• Are they open and willing to hear new ideas and new ways of doing things?
  • Are they supportive of reworking tried and true systems or are they just going through the motions to appease up and comers until it’s time to retire?

2. Strive for an Inclusive Environment
Just because you bring in a diverse team does not mean each member of this team will feel welcome or a true sense of belong in the organization. There is no worse way to jeopardize employee engagement than having an individual feel as though they were brought onboard simply to fill a quota. If you want to engage each member of your team, it is critical to make everyone feel welcome.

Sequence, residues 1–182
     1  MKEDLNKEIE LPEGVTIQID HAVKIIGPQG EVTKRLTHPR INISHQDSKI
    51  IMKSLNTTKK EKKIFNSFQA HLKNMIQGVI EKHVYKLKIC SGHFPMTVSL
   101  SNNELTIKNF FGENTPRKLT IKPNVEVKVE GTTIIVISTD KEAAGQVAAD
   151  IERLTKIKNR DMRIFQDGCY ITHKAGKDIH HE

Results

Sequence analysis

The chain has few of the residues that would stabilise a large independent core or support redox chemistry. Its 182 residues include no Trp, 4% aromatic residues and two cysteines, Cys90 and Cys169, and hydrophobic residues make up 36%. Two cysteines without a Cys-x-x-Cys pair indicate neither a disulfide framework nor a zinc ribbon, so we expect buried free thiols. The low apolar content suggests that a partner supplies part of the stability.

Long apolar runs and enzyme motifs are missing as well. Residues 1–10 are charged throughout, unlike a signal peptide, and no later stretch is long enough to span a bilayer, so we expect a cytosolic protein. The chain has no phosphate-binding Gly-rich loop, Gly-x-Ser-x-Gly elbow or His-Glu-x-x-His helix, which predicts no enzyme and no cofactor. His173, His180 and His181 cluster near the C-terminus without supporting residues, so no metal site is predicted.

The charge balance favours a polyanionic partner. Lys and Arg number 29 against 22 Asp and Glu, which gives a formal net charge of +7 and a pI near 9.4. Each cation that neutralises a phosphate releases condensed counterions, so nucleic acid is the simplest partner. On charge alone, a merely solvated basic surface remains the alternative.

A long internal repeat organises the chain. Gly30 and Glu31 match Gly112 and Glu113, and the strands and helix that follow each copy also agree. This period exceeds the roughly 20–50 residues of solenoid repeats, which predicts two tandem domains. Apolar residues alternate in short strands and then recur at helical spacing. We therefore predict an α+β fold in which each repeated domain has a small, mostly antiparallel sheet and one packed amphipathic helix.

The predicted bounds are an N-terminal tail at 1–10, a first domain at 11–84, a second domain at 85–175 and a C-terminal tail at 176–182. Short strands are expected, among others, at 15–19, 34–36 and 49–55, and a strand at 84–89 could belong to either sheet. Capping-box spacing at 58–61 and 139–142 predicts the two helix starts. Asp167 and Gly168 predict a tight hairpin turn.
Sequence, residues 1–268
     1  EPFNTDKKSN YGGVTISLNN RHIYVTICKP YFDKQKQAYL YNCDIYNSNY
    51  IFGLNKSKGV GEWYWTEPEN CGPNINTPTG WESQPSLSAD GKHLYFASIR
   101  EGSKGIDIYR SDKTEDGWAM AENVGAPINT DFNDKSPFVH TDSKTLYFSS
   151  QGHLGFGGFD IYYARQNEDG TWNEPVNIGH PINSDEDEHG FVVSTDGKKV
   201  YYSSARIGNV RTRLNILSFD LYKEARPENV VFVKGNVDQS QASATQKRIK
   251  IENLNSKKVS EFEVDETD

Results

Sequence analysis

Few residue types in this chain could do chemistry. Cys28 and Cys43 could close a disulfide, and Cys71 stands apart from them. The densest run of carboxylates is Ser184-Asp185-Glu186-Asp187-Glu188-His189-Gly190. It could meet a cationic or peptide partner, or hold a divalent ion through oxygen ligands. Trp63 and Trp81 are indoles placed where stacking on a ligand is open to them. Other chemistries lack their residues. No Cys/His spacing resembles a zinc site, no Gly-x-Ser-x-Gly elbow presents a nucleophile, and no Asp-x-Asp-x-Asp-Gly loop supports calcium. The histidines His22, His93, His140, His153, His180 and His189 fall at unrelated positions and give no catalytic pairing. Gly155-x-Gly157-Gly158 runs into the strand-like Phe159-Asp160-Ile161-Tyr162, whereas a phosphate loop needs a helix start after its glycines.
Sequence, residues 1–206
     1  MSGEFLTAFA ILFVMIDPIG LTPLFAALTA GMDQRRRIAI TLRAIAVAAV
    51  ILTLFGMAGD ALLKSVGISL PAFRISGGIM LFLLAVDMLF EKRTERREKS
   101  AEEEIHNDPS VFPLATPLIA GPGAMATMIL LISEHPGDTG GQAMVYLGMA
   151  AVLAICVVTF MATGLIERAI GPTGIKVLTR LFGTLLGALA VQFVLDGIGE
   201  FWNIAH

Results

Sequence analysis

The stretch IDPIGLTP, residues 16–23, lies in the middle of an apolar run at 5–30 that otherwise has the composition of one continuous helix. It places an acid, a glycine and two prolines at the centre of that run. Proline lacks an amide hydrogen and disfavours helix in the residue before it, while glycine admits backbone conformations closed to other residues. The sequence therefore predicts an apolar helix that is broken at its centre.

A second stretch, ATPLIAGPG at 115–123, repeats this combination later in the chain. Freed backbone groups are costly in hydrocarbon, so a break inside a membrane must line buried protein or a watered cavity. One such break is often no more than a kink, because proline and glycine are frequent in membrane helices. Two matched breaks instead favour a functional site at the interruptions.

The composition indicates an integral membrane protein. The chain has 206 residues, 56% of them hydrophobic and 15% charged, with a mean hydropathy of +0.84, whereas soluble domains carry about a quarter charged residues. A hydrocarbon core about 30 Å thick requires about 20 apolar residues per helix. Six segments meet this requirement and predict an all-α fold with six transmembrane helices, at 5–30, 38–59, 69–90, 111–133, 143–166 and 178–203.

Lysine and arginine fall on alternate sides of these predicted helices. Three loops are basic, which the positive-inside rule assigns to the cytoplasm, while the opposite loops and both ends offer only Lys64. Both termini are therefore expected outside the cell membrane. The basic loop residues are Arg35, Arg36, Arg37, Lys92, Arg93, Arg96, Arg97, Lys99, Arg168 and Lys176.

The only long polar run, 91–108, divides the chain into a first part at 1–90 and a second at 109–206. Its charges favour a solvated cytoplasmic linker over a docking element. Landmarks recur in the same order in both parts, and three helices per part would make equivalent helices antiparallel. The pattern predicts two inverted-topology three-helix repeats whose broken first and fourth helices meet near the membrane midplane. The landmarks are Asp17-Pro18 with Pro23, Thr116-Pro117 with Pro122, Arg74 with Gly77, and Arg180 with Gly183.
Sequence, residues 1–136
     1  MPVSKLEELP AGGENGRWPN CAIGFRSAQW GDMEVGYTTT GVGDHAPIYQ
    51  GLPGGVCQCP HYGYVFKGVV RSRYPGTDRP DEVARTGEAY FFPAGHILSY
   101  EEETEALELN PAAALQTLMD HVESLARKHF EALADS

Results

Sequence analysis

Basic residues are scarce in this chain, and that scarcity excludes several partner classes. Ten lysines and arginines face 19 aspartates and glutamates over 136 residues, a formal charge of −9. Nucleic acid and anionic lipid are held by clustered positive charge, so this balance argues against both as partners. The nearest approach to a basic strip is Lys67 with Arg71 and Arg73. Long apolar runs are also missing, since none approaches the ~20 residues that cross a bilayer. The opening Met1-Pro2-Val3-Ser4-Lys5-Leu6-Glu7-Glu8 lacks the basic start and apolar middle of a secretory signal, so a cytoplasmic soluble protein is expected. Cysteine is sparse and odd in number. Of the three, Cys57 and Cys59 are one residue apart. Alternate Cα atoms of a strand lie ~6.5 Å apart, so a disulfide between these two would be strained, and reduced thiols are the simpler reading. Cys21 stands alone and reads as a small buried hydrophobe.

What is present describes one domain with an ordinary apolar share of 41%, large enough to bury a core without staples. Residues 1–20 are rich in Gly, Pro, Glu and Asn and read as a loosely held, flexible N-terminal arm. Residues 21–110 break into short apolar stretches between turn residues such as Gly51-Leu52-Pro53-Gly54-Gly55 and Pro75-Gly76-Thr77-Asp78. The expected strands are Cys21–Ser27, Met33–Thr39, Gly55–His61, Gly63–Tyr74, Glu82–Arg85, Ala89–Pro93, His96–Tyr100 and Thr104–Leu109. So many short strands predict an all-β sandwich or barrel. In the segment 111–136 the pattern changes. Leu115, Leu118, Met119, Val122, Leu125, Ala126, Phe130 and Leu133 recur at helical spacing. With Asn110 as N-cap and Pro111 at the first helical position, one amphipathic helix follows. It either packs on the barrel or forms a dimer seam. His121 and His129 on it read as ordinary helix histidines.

• Does your firm have an inclusive culture?
  • Is this a goal for everyone in your firm?
  • Does each employee in your firm feel equally welcome?

3. All voices are Important
While making everyone feel welcome is an important step, it alone is not enough. For diversity to have maximum impact in your practice, it is essential to tap into the insight and talents of each member on the team. Keep in mind your employees must feel their opinion is important before they will share their ideas.     

  • Hold collaboration and new idea sessions
  • Work to include everyone into focused conversations
  • Give everyone the forum to share their thoughts
  • Make these discussions safe and welcoming
  • Let employees know you hear and appreciate what they have to say  

Diversity Tools for Your Practice

As your firm looks to expand its diversity initiatives, know the AICPA has a number of tools you can tap into right away.
  • Accounting Inclusion Maturity Model